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Boston Catholic Journal - Critical Catholic Commentary in the Twilight of Reason


 

Creating and Maintaining

a Traditional Catholic Home

 Catholic Traditions, Customs, and Practices

Traditions, Customs, and Practices
 

 

If you wish to create and maintain a genuinely Catholic home, we offer a few suggestions. The first two may

surprise you:
 

  • There should be no profanity in the house — and this applies as much to women as to men! None, absolutely none of the ugly, shameful words you hear as much on television as you do on the streets. St. John Chrysostom called the Catholic home “a church in miniature.” Would you speak that way in Church?
     

  • The husband and wife should never argue in front of the children! This is, as it were, the first “schism” that your children will encounter. It is as traumatic to the children as it has been in the Church. Disagreement should be polite. Arguments seldom are. They are often venomous, vindictive, self-righteous, and for all purposes verge on malice and hatred! This is the devil’s wedge in the family: disunity, animus, malice. Take your arguments elsewhere and far from the children! Remember that Christ’s relationship to His Church is spoken of as that between the Groom and the Bride (the Father and the Mother). “Husbands, love your wives, just as Christ loved the Church and gave himself up for her.” (Ephesians 5:25) How did He do that? He died for the Church. You must die to yourself for your wife and your wife should die to herself for her husband — out of love for each other and for the sake of the children.

    Nothing is more frightening to a child than to witness a loud, ugly, accusative, and vindictive argument between husband and wife, wife and husband! In an unarticulated way they ask, “Is this how God is? Is this how Mary is?” — and then the terrible response to the ugly argument in every child: I am frightened!” Hold your tongue! Reign in the passion of anger! The storm will pass: spare your children the clap of thunder! To whom can they run without being brought into the division? Will you divide your children among yourselves — set daughter against father, son against mother when they seek shelter from the storm? If you are unwilling (you are never “unable”) to do this, then abandon any idea of creating a genuinely Catholic home. The Cornerstone is Christ, and Christ is God, and God is Love. Love cannot co-exist with enmity.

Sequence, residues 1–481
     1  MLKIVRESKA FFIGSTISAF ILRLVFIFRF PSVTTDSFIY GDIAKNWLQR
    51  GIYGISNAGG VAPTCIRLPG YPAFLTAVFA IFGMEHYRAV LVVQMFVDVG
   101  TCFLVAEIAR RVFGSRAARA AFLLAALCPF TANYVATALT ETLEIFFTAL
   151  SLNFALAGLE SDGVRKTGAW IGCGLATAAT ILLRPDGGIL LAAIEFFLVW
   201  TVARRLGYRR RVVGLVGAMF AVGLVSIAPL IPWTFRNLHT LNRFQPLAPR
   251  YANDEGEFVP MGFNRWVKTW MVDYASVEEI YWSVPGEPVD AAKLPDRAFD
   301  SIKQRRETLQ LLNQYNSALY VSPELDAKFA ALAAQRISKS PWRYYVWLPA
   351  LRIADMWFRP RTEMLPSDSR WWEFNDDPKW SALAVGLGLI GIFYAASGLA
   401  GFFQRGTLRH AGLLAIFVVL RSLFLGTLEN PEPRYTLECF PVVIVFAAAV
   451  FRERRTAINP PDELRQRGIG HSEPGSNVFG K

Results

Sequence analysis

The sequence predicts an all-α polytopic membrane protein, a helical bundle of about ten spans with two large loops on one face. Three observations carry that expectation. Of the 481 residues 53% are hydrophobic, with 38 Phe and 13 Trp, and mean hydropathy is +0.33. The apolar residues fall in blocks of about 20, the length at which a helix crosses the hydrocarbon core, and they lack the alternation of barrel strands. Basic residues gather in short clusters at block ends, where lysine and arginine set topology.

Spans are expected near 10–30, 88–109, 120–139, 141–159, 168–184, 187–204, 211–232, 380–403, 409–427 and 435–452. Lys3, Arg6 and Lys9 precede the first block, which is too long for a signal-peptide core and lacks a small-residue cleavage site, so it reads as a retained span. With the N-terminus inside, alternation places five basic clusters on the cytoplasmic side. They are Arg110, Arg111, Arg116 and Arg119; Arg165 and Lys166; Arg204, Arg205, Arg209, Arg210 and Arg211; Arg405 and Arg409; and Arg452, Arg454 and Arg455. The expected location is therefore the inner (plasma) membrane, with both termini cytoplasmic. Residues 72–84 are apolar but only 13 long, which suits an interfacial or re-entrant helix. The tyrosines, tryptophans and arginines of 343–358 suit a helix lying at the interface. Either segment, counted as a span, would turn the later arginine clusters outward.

• You, as a father, will have the most important role in setting the example for your children, especially your sons. If your sons see that Dad is a manly Catholic, unafraid, and unashamed to express his Catholic Faith in the home and even, when called for, in public discourse, they in turn will be very likely to follow your example. People — even children — are not converted through intellectual arguments … but by example: they see another doing something remarkable and good — and are deeply impressed. They want to be like them!

    This is especially true of what children observe in your behavior when they know that you do not see them watching you. We cannot stress the importance of this. A child unexpectedly opening his father’s bedroom or office door at home and finding father in prayer on his knees will say more to the child than years of lectures on the importance of praying. A mother found lying in bed or sitting in a chair praying the Rosary when she thought the children were out a play will strike them more forcefully by the example she sets than by her words encouraging them to pray the Rosary.
     

  • In you, the father, they will first encounter Christ … or not. In your wife they will see Mary … or not. They will understand the Fatherhood of God (which He has participated to you) and the Motherhood of Mary (which is the exemplar of perfect motherhood) through each of you. Please read a short story submitted to us at https://www.boston-catholic-journal.com/teach-him-a-lesson-he'll-never-forget.htm .
     

  • Say grace before every meal — in the house or at a restaurant: if you are ashamed to acknowledge God … they will be, too. If you have that strength, they will acquire it, too.
     

  • When you pray, make the Sign of the Cross slowly and reverently — the quick (lest, forbid, anyone see it!) half-hearted, rote, and careless motion of your hands say much about what is truly in your heart: if you teach them reverence by example … they will become reverent. If you show them that it is no cause for shame to make the Sign of the Cross in public at a restaurant … they will not be ashamed … of Christ. Children are incredibly perceptive! They can see through any short-cut you devise and will recognize insincerity.